Our work builds on the success of the national programme for antenatal and newborn screening for sickle cell and thalassaemia, directed by Dr Allison Streetly. This programme is the first worldwide linked screening initiative. It is identifying some 350 affected babies a year and is estimated to save the lives of some 15 infants a year through early intervention. The progress has been achieved in partnership with key stakeholders, such as the UK Thalassaemia Society, the Sickle Cell Society, the UK Forum on Haemoglobin Disorders and other committed clinicians in the field. The Archbishop of York chairs the steering group, and it is a privilege to have such a champion supporting this area. I feel that his chairmanship will move us all faster in a very positive direction.

Key to the development of high-quality services for haemoglobin disorders is the formal designation of clinical networks for specialist care across the country. The hon. Gentleman asked what progress had been made; I can let him know very soon after the debate. The concept behind this is that every patient should have access to optimal specialist management and care, co-ordinated with routine care and provided conveniently close to home. We are working with specialised commissioning groups across the country to support the development of such networks, which will ensure that complications requiring specialist care are managed in the right place with the appropriate resources.

For example, strokes in children with sickle cell disease are common, and early diagnosis and immediate exchange blood transfusion can make the difference between a return to near normal and a long-term serious disability. Such early intervention is critical. Other clinical problems require highly specialist care, such as the management of potentially dangerous chest crises. The assessment and management of iron overload in those with thalassaemia is a rapidly changing area that, again, requires specialist interpretation and treatment guidance.

Our aim is to allow equitable access to comprehensive care across the country that is of a consistently high standard, and that addresses the concerns of patients and their families. This is a relevant time to mention the recently launched NHS constitution, which sets out our intention to ensure transparency and much greater consistency across all NHS commissioners in the way in which decisions are made about treatment and drug therapy. Such development underlines our commitment to addressing public concerns about the inequalities and unfairness in access to drugs.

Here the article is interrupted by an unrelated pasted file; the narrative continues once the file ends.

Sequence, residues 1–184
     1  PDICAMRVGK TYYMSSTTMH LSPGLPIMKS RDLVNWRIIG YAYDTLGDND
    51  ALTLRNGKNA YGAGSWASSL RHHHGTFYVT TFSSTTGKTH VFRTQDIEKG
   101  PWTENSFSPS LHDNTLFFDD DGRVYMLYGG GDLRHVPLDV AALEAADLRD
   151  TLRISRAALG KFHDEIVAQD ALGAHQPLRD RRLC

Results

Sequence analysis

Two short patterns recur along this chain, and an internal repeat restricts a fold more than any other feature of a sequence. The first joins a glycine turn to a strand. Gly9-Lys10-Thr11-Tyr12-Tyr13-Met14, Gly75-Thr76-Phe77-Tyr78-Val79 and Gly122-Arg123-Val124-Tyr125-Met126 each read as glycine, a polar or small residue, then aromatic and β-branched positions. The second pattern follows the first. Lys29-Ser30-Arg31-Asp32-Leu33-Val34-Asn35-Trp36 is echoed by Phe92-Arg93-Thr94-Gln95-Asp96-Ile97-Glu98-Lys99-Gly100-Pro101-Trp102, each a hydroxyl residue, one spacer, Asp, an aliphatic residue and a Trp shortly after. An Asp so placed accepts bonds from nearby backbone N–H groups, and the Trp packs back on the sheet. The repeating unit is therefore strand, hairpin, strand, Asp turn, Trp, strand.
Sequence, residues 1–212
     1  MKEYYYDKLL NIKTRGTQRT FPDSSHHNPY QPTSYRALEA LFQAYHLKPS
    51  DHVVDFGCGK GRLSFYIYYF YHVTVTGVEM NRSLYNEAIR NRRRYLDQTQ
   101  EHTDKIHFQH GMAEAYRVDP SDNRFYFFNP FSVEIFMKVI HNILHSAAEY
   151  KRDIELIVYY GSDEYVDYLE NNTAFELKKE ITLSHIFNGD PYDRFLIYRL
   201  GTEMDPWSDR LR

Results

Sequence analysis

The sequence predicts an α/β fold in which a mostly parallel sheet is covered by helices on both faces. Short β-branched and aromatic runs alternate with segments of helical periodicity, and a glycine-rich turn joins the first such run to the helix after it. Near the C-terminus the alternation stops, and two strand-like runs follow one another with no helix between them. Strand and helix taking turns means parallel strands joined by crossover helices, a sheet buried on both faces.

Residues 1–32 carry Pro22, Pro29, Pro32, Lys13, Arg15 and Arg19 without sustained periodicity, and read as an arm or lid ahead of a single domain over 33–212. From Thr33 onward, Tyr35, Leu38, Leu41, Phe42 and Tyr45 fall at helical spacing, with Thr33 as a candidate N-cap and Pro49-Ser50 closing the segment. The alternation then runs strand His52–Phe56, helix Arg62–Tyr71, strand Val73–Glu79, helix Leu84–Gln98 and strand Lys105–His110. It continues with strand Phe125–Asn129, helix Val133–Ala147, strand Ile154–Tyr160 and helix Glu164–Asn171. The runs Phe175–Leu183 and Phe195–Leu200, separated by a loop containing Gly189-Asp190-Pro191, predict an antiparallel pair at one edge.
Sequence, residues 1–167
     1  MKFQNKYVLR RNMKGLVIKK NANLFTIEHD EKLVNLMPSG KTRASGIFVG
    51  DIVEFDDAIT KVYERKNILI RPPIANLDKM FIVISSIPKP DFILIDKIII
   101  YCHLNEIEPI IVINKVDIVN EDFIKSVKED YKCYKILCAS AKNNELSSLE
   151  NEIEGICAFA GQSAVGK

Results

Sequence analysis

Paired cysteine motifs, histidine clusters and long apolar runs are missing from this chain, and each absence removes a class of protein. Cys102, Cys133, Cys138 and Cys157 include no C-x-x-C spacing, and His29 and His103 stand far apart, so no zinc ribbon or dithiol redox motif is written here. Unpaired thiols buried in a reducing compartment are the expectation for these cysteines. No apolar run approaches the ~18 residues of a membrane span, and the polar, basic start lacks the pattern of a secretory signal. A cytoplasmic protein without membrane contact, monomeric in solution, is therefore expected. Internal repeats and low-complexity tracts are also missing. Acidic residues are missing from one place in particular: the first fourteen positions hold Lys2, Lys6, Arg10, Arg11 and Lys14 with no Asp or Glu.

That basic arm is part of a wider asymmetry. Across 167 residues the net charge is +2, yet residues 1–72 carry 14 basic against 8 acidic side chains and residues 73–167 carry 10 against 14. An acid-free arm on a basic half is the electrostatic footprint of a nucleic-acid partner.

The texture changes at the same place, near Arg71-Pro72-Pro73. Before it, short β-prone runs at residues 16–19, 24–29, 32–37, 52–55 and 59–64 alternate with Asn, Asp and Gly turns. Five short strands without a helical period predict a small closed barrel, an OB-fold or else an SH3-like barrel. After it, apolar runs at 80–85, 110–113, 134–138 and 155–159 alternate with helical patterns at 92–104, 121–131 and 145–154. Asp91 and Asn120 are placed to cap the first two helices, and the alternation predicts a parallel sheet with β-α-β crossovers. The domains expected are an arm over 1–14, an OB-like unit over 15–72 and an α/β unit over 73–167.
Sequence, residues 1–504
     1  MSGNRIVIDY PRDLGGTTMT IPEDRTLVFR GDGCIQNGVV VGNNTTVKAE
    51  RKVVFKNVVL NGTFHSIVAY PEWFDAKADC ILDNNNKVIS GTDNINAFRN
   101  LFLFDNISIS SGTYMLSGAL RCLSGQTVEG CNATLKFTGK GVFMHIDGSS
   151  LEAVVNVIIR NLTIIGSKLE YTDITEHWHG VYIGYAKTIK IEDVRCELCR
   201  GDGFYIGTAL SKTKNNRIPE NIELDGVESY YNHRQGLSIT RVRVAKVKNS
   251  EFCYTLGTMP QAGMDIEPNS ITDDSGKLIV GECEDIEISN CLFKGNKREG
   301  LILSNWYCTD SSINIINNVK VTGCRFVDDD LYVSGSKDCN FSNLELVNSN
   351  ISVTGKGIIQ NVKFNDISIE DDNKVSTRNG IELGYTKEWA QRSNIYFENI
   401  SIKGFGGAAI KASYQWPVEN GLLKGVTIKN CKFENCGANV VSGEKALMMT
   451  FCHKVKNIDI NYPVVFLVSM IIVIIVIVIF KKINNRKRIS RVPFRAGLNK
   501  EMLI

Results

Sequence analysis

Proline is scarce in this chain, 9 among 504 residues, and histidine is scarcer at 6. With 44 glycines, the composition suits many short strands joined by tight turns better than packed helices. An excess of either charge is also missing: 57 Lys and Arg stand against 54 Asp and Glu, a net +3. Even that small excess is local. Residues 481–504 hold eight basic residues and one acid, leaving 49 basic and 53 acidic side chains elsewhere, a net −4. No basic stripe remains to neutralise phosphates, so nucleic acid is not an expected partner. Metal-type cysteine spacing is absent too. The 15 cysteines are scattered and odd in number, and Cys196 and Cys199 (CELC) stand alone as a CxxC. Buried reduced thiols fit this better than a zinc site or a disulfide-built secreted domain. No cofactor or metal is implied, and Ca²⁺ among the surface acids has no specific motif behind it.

As a first step to ensuring consistency of care in specialist provision and specialist commissioning engagement, we have succeeded in getting a national agreement—it has support from the Royal College of Pathology and the Royal College of Paediatrics and Child Health—on a specialist service definition for haemoglobin disorders, which covers thalassaemia major and sickle cell. That will help to ensure a consistent approach to service development across England, to encourage service planning and to underline the role of a specialised commissioner.

Currently, eight informal clinical networks are operating outside London and six within London, covering adjacent counties. Network meetings have identified some gaps in local services and those will be addressed via discussions with the local specialised commissioners. We have provided funding for the training of 13 additional staff—three doctors, six nurses and four clinical scientists. Once trained, the personnel will act as a focus for further educational development within the clinical networks. We are also working with the royal colleges to increase and enhance training in haemoglobin disorders. The hon. Gentleman specifically raised the issue of GP training and education in that role.

With the support of the UK Thalassaemia Society, the Sickle Cell Society, health professionals and other stakeholders, the National Haemoglobinopathy Registry was launched last October. It was supported by a report of the National Confidential Enquiry into Patient Outcome and Death on sickle cell and thalassaemia. The registry will allow us to collect details on patients with thalassaemia and sickle cell, and provide valuable information on patient numbers, complication rates and outcomes, which is a key factor underpinning the quality care agenda. We acknowledge that there is still a way to go in the development of service provision.

The hon. Gentleman raised the issue of cord blood. The NHS Cord Blood Bank has more than 12,000 units stored, some 40 per cent. of which is from the black and minority ethnic community. There are plans to increase the units to 20,000 by 2013. We have also asked NHS Blood and Transplant and the Anthony Nolan Trust to work together to develop plans on how we can meet the target more quickly.